Prompt: A Matisse oil painting of a humanoid robot and human next to each other. The robot is looking at the human. The human has a lightbulb on its head, symbolizing a creative leap.

This is a collection of my favorite ideas from The Beginning of Infinity by David Deutsch. It’s meant as a personal reference and is by no means a comprehensive summary and/or book review. The book is really good though, and I highly recommend it. All quotations are pulled from the book unless otherwise noted. If you’re lazy, this quotation summarizes the ideas I found interesting in the book:

“We cannot create knowledge other than by the fallible method of conjecture and criticism; errors are inevitable, and only error-correcting processes can succeed or continue for long.”

Table of Contents

Favorite ideas

All progress depends on good explanations. Explanations are knowledge about what is true, what it does, and how and why. They are important because they give us the power to transform nature in a way that is only limited by the laws of nature. If it’s not forbidden by the laws of physics, it’s achievable given the right knowledge.

“The uniquely significant thing about humans is our ability to create new explanations.”

Don’t minimize errors, maximize error correction. We should aim to build decision-making frameworks (for governments, companies, research, or even ourselves) that optimize for good error-correction, instead of making good decisions. Problems are inevitable, and we should think of solving them as replacing problems with better problems. This is because, short of stasis, problems will always occur. Unfortunately, stasis is not sustainable. And claiming that problems won’t occur is equivalent to claiming one has prophetic knowledge of the future.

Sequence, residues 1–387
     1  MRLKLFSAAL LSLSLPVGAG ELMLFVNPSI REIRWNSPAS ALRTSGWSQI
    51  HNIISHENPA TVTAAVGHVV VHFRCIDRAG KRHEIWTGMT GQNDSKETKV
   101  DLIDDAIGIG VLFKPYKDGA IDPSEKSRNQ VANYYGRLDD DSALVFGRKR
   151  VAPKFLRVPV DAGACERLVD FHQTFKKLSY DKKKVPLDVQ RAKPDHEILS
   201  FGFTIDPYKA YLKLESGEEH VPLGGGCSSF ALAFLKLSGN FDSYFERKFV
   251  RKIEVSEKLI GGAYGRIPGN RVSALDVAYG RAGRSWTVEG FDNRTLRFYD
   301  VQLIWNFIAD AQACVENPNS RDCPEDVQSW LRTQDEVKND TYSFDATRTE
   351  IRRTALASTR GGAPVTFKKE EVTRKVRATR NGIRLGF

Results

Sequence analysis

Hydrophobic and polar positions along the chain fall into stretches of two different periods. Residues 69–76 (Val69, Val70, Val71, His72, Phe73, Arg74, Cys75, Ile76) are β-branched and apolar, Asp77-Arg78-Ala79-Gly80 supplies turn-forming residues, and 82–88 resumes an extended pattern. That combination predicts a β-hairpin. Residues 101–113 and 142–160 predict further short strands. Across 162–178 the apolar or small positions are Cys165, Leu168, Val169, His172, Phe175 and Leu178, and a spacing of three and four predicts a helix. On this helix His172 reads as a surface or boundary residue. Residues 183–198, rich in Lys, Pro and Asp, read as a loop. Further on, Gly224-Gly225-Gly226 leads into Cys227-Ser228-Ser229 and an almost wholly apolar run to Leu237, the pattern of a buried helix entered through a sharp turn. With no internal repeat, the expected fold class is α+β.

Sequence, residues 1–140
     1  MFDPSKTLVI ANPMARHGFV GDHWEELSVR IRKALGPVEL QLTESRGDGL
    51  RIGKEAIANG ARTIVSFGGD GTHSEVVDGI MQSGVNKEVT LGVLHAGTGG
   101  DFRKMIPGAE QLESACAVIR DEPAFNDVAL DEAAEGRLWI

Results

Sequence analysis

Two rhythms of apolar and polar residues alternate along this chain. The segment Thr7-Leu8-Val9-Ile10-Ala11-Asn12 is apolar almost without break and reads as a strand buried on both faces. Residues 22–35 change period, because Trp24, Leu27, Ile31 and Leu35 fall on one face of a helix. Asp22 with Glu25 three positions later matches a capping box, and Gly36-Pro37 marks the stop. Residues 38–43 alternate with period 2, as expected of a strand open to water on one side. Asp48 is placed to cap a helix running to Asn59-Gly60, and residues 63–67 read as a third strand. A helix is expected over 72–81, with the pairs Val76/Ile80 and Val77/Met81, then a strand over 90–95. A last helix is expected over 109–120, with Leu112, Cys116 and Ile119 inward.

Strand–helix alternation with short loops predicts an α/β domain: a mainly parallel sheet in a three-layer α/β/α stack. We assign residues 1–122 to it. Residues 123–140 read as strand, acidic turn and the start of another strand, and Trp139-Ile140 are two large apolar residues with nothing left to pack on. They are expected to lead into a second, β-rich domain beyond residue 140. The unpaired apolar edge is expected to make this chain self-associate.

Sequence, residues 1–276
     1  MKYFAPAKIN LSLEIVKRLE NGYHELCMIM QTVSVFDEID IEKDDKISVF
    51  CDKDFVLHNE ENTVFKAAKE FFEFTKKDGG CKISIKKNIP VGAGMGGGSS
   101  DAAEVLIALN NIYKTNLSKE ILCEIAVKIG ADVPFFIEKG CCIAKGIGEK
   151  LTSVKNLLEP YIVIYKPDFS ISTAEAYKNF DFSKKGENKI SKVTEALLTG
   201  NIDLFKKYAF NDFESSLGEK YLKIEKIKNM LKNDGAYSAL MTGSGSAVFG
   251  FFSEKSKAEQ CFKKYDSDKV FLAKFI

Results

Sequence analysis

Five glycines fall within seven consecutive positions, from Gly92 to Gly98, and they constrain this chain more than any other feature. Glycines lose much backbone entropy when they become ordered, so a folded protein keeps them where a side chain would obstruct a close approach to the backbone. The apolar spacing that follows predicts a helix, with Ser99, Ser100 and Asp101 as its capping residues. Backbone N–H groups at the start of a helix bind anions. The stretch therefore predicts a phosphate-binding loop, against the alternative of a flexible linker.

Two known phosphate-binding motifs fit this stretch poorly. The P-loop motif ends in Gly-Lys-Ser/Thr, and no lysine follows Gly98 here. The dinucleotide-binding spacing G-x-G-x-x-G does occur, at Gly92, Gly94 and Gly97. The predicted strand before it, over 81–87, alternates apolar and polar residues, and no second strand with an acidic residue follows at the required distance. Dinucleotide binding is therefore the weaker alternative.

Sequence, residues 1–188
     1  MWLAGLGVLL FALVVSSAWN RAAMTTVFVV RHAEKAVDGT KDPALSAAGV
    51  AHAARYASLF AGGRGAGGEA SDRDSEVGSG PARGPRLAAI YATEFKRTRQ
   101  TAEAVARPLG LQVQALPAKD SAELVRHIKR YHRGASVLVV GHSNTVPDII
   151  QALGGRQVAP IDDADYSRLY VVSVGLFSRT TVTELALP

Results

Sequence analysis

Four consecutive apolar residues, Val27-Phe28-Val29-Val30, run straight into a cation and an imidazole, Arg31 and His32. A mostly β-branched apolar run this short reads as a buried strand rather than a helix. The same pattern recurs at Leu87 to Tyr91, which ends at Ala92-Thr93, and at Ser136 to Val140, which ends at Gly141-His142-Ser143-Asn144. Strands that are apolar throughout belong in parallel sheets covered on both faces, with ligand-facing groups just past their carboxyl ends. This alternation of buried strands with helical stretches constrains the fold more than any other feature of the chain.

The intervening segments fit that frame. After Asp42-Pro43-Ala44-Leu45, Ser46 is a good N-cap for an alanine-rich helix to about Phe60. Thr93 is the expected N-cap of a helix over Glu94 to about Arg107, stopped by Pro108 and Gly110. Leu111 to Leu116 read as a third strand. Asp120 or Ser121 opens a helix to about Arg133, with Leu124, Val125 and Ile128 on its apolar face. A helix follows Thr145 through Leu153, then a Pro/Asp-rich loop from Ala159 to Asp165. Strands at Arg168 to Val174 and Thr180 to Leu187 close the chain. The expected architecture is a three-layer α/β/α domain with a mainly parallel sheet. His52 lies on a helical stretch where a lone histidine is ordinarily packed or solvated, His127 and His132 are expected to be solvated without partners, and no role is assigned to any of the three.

“If we choose to embark on an open-minded journey of creation and exploration whose every step is unsustainable until it is redeemed by the next, then the ascent of man, the beginning of infinity, will have become, if not secured, then at least sustainable.”

Humans are unique in their capacity to conjecture new explanations. The process of creating a new and better explanation is not cumulative: we don’t incrementally build our way there. Instead, we take a creative leap to conjecture an explanations. We then stress test the explanation through criticism, and if it survives, we adopt it. Sustained and rapid growth depends on the following cycle: conjecture, criticism, and explanation. Also remember that we can use our unique creativity in two ways:

  1. Replicate the dominant explanations as faithfully (and creatively) as possible. This is the sign of a static society, one vulnerable to unexpected problems.
  2. Come up with new and possibly better explanations about how the world works. If it survives criticism, build on it and repeat the cycle: conjecture, criticize, explain.

“Explanatory knowledge can give us the power to transform nature in a way that is not limited by parochial observations, but by universal laws.”

Ideas replicate by being useful (i.e., closer to the truth) or by crippling critical thought. Always be mindful of this when you’re exposed to a new idea that’s particularly sticky. Does it improve my error-correction capabilities? Or, does it shut down critical thought?